Good German politics - Michael Heinrich

Michael Heinrich on Germany's dominant role in Europe, and its global ambitions.

Submitted by Angelus Novus on October 23, 2015

What criticisms hasn't Wolfgang Schäuble had to listen to since the successful extortion of Alexis Tsipras and his government? That he's damaged democracy in Europe, that he's harmed Germany's reputation abroad, and yes, that above all he has done damage to "the European idea." The man's only purpose in the world seems to be to inflict harm upon everything that is beautiful and noble. Consequentially, an online petition demands his resignation. But what if Schäuble isn't simply obstinate, mean, and anti-social? What if he merely conducts good German politics?

Quite a few things have changed in German politics. That's become particularly clear not only with regard to Greece. For decades, the German economy has profited more from the EU (and previously from the EEC) than the economy of any other country. And by means of its tax revenues, the German government has also tidily benefited from it. Regardless of whichever party was allowed to appoint the chancellor of the nation, Germany's European policy settled upon consensus. Its role as the biggest net contributor to the community was accepted without complaint. That which was paid into the EU was hardly worth mentioning compared to the benefit derived from it. With regard to the SYRIZA government, a demonstrative break was made with this politics of consensus. Although there were considerable reservations on the part of numerous member states, Merkel and Schäuble imposed an uncompromising stance within the eurozone: they were not going to be satisfied with anything less than a total capitulation by the Greek government. Not only has Germany broken with the politics of consensus; the break is also intended to be highly visible to all: as a warning.

Democracy is all well and good. Without free elections, a country cannot become a member of the EU. But one cannot conclude from this that a freely elected government, which takes over a highly indebted state, can also pursue the policies that it regards as correct. Merkel and Schäuble demanded "reforms", that is to say, they demanded even more of the impoverishment program which in the last five years has led to an almost 30 percent decline of Greek domestic product. Mario Draghi has, as head of the ECB, made sure that Greek banks had no possibilities for refinancing. But without refinancing, any bank would go bankrupt in the shortest period of time. The Greek government only had the choice between either quickly issuing a parallel currency, which would have led to a chaotic de facto exit from the euro, or to sign on to everything that was presented to it. Schäuble has not damaged European democracy (when and where has this fantastic, unscathed democracy ever existed?); rather, he merely made clear how democracy functions in a Europe characterized by the euro and German dominance.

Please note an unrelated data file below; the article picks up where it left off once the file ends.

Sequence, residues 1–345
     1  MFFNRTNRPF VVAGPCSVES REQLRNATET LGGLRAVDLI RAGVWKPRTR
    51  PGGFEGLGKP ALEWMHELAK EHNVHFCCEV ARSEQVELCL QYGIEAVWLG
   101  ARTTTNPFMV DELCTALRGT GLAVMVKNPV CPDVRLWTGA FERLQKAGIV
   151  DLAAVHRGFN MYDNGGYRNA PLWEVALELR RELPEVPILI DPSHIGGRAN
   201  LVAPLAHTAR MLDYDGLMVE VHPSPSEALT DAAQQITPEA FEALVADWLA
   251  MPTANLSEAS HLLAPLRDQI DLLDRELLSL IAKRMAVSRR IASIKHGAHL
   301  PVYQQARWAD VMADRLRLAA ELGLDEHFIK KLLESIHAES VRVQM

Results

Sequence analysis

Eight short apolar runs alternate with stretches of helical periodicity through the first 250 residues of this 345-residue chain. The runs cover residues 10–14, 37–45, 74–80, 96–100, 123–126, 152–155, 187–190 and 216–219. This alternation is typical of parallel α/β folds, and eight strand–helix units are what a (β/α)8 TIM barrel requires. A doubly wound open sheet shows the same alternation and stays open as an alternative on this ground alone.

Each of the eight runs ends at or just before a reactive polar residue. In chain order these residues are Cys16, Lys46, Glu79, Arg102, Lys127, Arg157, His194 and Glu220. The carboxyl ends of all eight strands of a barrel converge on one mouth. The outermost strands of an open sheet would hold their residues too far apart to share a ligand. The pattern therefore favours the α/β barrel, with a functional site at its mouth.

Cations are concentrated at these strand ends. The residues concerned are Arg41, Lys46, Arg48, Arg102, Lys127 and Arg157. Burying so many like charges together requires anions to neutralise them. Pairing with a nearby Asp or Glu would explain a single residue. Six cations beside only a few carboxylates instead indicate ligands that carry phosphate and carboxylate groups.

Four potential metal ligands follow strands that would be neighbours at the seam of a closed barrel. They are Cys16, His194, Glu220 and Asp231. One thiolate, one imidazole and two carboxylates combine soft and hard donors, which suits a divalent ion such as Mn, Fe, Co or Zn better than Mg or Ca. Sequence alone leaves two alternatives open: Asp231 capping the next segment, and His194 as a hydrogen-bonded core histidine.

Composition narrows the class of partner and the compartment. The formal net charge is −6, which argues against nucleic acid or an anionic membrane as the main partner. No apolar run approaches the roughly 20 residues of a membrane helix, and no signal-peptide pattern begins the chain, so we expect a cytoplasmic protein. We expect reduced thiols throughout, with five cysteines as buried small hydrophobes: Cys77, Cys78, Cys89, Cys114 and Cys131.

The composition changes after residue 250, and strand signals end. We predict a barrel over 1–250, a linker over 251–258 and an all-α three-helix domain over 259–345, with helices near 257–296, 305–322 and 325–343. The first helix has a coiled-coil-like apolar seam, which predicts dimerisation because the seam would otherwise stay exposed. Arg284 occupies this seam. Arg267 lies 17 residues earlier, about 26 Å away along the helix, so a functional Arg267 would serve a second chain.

But wasn't it exactly this that damaged the "European idea"? The notion that the EEC and EU liberated the western part of Europe from nationalism after the Second World War is repeatedly loudly asserted. It's even believed by many leftists, who therefore shrink away from any fundamental critique of the EU, since they don't want to play into nationalism. But a brief look at history shows a different picture. What provided for peace in Europe was on the one hand the Cold War - there was no room anymore for intra-western conflicts between Germany and France - and on the other hand the nuclear threat: a war between the blocs would have led to an atomic inferno. Peace in Europe was not the consequence, but rather the precondition for the founding of the EEC in the year 1957.

This founding had both a political and an economic dimension. Politically, the Federal Republic of Germany - 12 years after the defeat of German fascism and without having to have made any reparations for the war of aggression and the numerous crimes committed in its course - was once again as a member of the EEC a fully-fledged part of the "western world." For the West, this was the successful integration of the Federal Republic, which a few years before had received from Stalin the offer of full reunification in exchange for neutrality. Economically, after the Federal Republic had already had a large portion of its debt forgiven in the London Debt Agreement of 1953, with the period for the repayment of the rest being extended over the next 50 years, the EEC created the large market that rapidly growing German industry desperately needed. France and Italy hoped that the EEC would provide the opportunity for their economic development to catch up, and France in particular hoped for support for its large and ailing agricultural sector.

In a favorable economic environment, everyone profited from the EEC, but by far the greatest profiteer was the Federal Republic of Germany. This was also the case for the introduction of the euro, but the gaps increased. Whereas southern Europe only profited a little bit, the unified currency zone not only cleared away the intra-European hindrances to German capital; even beyond the EU the euro, which tends to be weaker than the D-Mark, created not inconsiderable advantages for German exports, and in the long-term it can threaten the dollar as the sole global currency. However, German governments were no longer prepared to share the enormous advantages resulting from the euro with the weaker countries. The latter were supposed to struggle on their own with the currency, which was much too strong for them; some kind of "transfer union" was not an option for Germany. The euro does not suffer from any kind of frequently bemoaned "structural defect" that its blind engineers have somehow overlooked and to which they now don't want to admit. The structure of the euro was intentional, not only by the German government, but also by other governments which regarded their own countries as strong and saw in the euro a welcome disciplinary instrument even domestically. The weaker countries consented, since they hoped that everything wouldn't be so bad, but primarily because the alternative of remaining outside appeared far more uncomfortable.